Mr Cridley and Mr Sole spend their days cutting out newspaper coupons for freebies and no-obligation estimates, many of which they have absolutely no use for, living as they do at the Rimini Hotel. With its cheerless atmosphere and permanent smell of boiling meat, the Rimini (a glorified boarding house catering for the elderly) is presided over by Miss Burdock, a formidable, money-grabbing woman with a penchant for grey clothing. When it transpires that Mr Cridley and Mr Sole have arranged for a central heating salesman to assess the premises, Miss Burdock is most definitely not amused…

‘It is scarcely a month,’ complained Miss Burdock, ‘since those frightful women came here with corsets. And now a man with central heating. You can guess what I am going to say to you, both of you: if there is further trouble I shall be obliged to ask you to leave the Rimini.’

‘A genuine misunderstanding, Miss Burdock, a genuine error.’

‘I could easily fill your rooms. There is a waiting list for the Rimini.’ (pp. 50-51)

The poignancy comes through in the portrait of Mr Turtle, a gentle, lonely Old Boy who is finding it difficult to remember things, particularly in the short-term. In some ways, Mr Turtle would prefer to return to the simplicity of his schooldays, complete with its regular routines and rituals – a point that becomes apparent during the annual school visit for Old Boys’ Day.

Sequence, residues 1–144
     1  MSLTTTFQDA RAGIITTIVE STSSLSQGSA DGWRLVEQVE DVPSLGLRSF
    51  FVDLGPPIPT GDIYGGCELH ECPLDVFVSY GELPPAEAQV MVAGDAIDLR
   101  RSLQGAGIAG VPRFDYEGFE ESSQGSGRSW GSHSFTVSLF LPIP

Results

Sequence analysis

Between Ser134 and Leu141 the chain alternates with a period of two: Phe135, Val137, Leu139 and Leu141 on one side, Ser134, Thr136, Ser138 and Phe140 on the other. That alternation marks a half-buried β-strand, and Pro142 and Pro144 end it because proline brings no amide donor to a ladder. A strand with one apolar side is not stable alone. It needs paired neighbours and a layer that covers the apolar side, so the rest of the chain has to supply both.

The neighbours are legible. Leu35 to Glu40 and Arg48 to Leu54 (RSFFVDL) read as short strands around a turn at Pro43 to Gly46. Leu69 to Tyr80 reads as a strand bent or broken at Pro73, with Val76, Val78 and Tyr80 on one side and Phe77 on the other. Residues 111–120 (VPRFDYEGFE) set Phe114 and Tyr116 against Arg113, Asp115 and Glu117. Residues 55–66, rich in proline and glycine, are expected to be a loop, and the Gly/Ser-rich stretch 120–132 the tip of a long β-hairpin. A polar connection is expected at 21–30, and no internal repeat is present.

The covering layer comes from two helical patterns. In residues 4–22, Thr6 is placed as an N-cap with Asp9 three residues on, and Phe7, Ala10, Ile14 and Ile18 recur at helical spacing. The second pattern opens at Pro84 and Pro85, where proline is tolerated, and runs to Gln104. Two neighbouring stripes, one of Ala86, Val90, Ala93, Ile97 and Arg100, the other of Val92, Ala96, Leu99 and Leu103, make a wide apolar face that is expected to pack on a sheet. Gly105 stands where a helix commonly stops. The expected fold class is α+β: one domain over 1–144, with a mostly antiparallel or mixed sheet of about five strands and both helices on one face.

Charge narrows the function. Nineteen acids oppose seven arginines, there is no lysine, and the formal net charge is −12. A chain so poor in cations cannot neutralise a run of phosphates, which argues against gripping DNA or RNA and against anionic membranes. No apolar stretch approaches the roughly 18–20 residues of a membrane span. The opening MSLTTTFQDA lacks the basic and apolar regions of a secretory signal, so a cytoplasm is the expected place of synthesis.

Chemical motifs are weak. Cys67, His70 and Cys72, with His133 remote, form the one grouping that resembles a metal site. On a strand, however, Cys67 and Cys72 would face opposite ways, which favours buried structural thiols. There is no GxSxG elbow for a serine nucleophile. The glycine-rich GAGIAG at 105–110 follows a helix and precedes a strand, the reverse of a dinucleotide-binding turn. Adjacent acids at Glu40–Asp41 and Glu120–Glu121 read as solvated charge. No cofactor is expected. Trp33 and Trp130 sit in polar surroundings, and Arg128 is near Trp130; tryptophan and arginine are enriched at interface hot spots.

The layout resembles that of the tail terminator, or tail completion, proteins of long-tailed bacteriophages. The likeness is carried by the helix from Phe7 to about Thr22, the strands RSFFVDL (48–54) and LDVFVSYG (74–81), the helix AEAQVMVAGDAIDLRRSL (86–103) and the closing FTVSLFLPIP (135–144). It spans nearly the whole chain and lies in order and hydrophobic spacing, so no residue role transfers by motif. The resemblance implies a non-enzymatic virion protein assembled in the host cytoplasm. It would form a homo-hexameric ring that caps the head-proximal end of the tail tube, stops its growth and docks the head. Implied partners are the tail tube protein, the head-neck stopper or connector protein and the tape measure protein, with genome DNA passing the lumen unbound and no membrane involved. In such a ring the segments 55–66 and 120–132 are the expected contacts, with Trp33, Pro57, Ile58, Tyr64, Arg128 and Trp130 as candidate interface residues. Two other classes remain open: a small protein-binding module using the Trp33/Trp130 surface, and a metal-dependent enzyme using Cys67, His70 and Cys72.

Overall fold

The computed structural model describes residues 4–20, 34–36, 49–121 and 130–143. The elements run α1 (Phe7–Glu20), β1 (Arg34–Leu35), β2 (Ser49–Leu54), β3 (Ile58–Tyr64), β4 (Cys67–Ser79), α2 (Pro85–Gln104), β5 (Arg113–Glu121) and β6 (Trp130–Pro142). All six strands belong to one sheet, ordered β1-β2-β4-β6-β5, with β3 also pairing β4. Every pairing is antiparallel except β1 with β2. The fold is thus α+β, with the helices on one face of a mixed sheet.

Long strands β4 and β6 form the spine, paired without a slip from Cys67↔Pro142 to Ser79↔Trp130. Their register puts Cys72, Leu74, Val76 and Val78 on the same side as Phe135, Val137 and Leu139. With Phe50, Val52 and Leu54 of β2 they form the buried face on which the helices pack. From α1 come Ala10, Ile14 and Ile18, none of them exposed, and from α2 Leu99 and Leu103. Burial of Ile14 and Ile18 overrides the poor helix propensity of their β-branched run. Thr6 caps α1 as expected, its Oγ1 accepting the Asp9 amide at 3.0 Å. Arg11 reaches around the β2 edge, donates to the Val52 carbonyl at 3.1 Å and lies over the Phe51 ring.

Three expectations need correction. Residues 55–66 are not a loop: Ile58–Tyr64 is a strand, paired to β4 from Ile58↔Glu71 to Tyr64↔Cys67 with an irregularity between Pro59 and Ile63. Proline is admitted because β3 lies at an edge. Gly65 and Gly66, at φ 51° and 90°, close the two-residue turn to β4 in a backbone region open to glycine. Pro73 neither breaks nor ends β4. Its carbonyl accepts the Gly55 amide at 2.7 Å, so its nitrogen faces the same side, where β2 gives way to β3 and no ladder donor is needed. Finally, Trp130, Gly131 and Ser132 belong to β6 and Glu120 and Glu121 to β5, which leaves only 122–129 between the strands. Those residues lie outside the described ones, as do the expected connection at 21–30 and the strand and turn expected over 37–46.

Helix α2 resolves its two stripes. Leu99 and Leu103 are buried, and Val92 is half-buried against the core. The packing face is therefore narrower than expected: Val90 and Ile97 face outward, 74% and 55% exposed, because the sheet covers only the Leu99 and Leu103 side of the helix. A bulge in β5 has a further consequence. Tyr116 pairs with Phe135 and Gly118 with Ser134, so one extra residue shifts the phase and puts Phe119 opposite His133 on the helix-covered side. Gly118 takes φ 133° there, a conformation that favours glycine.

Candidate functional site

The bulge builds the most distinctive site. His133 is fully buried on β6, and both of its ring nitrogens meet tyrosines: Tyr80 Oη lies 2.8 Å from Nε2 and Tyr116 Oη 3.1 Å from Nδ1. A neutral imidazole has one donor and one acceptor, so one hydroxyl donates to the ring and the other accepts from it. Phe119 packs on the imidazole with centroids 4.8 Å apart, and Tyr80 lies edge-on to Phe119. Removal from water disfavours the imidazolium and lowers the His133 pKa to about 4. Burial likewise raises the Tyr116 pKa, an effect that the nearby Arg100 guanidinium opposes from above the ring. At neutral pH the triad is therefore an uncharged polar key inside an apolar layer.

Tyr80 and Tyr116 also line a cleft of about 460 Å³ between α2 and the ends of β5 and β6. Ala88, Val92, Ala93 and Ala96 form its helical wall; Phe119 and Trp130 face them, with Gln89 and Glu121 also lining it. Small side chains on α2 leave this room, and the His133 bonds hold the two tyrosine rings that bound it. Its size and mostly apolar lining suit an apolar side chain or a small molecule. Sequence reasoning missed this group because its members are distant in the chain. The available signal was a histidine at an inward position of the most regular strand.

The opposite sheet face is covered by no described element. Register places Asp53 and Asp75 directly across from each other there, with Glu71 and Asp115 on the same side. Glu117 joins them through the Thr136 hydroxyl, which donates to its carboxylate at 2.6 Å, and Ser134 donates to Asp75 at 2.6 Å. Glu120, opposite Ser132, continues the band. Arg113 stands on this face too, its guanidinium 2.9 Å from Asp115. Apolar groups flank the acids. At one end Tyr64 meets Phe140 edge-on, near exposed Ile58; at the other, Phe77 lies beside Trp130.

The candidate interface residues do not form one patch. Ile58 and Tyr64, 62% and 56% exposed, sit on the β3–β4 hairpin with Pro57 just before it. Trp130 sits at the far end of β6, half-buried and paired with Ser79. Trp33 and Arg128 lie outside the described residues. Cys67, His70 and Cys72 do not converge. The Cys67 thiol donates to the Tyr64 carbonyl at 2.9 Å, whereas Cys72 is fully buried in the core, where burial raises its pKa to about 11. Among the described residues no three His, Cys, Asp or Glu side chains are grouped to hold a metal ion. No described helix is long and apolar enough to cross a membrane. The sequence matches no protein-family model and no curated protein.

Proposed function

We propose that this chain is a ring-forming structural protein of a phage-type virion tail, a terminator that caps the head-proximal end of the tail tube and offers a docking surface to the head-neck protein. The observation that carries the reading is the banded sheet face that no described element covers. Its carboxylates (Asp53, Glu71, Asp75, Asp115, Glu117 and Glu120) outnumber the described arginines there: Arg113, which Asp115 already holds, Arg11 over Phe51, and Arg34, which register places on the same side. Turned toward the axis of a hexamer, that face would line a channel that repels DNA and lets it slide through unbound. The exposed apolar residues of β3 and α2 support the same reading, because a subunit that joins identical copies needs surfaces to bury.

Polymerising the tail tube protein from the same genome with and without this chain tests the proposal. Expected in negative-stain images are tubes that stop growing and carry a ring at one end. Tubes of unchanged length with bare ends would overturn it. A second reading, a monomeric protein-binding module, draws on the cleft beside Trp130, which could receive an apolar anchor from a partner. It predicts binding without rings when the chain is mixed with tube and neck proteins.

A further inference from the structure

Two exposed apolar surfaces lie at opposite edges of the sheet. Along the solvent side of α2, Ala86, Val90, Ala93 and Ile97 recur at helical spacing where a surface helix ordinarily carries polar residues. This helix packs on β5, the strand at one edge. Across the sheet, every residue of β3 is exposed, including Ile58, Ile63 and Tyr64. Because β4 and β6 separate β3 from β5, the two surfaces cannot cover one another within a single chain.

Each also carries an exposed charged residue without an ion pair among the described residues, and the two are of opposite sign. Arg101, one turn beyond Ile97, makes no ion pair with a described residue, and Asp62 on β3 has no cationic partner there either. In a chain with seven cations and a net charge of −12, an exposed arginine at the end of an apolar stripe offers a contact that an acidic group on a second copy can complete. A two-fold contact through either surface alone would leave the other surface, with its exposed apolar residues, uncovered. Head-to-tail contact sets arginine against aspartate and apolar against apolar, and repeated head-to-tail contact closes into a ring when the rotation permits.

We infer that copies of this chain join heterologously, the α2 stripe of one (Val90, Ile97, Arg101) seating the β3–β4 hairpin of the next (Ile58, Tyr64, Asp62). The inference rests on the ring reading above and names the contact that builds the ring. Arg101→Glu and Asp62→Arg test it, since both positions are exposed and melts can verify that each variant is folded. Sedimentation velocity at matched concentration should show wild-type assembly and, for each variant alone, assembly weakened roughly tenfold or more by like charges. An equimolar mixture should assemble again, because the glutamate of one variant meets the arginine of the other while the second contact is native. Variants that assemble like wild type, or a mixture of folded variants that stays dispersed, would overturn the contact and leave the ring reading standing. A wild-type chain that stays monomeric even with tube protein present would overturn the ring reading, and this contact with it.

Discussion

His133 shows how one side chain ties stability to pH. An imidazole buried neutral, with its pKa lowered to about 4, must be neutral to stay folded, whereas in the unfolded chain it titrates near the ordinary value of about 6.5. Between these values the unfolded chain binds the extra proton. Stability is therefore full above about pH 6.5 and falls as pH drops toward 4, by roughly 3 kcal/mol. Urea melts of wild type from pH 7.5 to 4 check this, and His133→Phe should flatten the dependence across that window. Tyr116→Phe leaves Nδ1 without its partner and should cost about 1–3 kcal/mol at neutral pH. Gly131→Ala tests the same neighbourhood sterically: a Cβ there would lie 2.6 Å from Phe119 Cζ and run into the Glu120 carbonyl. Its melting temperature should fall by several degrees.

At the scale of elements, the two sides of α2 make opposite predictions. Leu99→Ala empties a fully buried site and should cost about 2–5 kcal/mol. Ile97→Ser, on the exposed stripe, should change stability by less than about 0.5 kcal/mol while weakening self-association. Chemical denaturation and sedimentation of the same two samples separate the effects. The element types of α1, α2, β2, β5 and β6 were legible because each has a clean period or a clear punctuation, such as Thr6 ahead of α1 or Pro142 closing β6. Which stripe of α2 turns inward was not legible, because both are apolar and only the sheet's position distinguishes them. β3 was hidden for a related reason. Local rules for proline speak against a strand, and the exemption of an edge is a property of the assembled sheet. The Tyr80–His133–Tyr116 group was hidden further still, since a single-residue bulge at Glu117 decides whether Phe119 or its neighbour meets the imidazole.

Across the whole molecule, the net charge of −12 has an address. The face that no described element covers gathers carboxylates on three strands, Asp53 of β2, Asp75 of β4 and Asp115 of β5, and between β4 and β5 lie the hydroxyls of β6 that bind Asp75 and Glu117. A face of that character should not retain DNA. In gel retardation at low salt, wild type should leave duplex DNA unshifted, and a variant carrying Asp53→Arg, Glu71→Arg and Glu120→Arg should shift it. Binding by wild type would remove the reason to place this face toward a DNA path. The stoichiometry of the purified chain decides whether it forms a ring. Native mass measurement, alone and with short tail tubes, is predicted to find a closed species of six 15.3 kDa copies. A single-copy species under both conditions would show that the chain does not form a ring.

A woman in a white overall broke in on his thoughts, pressing a plate of wafer biscuits on him. He sighed and smiled and took one. How nice it would be to hear a bell and run to its summons, to join a queue for milk or cocoa, and later to do prep and wait for another bell that meant the rowdy security of the dormitory. How nice it would be to slip, tired and a little homesick, between the cold sheets. He heard his name called. Somebody gave him a fresh cup of tea and asked him a question he did not understand. (p. 101)

As the narrative plays out, there are one or two shocks for the main players, the Jarabys in particular; but I had better not say any more for fear of revealing spoilers.

The Old Boys is another excellent novel by William Trevor, sharing many similarities with The Boarding-House. Much of the book is written in dialogue, which gives the story a sense of immediacy, almost as if you are watching a play unfold before your eyes.